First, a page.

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Infants' sensitivity to correlations between static and dynamic features in a category context.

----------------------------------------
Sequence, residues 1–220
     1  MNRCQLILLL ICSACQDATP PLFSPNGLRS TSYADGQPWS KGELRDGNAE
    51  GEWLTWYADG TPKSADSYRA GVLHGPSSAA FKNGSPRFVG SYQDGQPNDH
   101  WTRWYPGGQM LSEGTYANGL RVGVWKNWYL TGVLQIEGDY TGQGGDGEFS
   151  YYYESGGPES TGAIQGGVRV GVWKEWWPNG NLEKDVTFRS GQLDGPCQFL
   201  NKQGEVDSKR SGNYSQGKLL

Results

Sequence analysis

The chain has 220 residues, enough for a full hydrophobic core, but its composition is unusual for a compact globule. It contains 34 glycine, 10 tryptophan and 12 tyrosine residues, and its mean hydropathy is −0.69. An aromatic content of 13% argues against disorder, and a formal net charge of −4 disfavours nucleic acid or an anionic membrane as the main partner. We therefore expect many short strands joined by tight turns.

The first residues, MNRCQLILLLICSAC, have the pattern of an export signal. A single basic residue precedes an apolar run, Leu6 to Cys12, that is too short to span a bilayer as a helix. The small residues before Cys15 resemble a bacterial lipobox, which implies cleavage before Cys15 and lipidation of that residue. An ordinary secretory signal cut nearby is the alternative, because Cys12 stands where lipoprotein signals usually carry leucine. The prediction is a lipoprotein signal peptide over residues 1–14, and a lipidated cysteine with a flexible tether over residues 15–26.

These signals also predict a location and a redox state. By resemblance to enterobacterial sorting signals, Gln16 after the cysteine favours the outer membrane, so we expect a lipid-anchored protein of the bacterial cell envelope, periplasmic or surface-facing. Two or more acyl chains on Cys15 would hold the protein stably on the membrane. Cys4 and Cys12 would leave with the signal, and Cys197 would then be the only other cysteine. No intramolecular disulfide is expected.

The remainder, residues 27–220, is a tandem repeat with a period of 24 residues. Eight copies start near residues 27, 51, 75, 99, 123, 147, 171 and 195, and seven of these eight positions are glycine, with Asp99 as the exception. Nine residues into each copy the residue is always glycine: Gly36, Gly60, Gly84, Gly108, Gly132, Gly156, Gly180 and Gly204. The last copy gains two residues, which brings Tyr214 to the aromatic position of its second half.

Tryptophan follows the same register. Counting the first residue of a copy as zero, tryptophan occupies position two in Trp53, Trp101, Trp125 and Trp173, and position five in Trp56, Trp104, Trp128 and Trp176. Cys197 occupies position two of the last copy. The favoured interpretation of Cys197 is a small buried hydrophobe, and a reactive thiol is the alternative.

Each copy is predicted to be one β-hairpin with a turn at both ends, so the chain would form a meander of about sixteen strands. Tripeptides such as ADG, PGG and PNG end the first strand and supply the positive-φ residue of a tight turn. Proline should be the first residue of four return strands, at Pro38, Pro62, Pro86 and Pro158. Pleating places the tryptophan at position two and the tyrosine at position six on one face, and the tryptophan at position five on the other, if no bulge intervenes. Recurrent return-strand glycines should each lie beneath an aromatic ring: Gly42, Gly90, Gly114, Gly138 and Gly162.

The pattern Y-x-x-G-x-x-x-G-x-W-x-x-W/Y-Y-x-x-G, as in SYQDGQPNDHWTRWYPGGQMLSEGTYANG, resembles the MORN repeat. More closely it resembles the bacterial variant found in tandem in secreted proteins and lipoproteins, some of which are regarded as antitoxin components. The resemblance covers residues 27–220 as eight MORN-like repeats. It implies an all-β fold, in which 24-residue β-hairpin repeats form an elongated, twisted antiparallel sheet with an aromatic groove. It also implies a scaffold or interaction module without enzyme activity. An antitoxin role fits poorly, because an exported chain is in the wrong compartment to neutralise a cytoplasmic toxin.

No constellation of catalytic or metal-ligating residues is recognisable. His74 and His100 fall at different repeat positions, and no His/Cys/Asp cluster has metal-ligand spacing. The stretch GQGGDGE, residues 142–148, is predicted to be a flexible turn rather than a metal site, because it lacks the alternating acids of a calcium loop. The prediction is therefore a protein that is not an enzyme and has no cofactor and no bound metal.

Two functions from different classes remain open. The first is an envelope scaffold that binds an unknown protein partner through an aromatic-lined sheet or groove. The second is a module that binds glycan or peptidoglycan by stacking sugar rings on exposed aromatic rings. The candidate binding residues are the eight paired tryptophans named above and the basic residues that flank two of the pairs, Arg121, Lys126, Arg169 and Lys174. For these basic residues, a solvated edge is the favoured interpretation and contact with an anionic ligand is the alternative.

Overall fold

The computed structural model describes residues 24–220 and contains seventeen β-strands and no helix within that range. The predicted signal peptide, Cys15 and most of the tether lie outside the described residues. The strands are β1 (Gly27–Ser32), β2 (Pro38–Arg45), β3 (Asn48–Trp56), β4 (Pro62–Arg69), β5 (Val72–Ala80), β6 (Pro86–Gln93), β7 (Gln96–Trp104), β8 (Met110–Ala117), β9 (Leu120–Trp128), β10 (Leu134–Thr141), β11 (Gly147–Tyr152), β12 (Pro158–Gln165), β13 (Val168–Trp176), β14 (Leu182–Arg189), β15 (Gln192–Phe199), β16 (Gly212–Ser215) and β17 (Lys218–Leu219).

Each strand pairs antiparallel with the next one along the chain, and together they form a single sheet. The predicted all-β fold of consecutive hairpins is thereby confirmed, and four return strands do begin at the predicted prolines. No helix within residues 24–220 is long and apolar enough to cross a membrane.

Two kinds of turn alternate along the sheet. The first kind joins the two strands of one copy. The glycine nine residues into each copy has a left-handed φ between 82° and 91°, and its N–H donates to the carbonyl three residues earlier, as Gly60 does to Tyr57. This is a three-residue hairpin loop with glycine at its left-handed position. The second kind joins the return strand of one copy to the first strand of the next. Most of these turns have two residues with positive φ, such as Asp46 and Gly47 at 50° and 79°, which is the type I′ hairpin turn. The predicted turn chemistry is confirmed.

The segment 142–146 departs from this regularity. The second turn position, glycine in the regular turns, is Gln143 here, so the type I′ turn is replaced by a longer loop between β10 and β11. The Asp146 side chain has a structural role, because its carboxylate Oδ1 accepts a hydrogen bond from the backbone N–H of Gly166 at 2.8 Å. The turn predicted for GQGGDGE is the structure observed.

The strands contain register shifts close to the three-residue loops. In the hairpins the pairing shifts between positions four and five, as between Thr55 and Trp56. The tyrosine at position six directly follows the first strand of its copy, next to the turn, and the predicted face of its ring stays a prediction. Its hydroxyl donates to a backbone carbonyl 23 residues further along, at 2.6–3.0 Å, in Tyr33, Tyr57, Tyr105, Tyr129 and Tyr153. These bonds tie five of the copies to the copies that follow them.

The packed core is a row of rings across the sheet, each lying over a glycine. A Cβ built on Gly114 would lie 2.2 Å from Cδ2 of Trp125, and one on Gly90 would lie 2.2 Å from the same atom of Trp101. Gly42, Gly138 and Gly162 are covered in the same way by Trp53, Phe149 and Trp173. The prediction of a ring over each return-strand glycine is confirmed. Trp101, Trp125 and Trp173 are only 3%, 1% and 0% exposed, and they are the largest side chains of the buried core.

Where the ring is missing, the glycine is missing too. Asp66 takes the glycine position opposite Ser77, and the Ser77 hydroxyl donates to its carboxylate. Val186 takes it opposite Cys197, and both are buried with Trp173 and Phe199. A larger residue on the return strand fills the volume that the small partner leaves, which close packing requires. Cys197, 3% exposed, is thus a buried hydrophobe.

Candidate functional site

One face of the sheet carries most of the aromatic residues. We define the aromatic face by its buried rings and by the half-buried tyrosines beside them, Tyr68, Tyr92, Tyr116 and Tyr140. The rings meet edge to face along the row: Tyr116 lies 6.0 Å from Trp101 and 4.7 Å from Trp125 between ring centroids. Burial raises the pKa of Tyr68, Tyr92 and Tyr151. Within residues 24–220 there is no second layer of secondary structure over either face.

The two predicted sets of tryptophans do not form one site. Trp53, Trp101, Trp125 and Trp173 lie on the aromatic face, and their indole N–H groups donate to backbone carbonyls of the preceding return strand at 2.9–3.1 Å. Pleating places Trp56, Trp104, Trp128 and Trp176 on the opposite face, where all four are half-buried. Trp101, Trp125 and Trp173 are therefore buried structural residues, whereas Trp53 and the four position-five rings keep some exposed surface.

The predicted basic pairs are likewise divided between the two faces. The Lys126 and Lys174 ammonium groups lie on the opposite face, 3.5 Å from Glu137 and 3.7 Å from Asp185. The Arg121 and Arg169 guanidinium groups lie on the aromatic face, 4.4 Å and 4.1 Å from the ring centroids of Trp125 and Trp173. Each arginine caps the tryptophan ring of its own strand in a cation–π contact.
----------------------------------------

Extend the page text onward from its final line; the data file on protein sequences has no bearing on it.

Four experiments with the habituation procedure investigated 14-22-month-olds' ability to attend to correlations between static and dynamic features embedded in a category context. In Experiment 1, infants were habituated to four objects that exhibited invariant relations between moving features and motion trajectory. Results revealed that 14-month-olds did not process any independent features, 18-month-olds processed individual features but not relations among features, and 22-month-olds processed relations among features. In Experiment 2, 14-month-olds differentiated all of the features in the events in a simpler discrimination task. In Experiments 3a and 3b, 22-month-olds failed to show sensitivity to correlations between dynamic and static features in a category context. In Experiment 4, 22-month-olds, but not 18-month-olds, generalized the learned feature-motion relation to a novel instance. The results are discussed in relation to infants' developing ability to attend to correlations, constraints on learning, category coherence, and the development of the animate-inanimate distinction.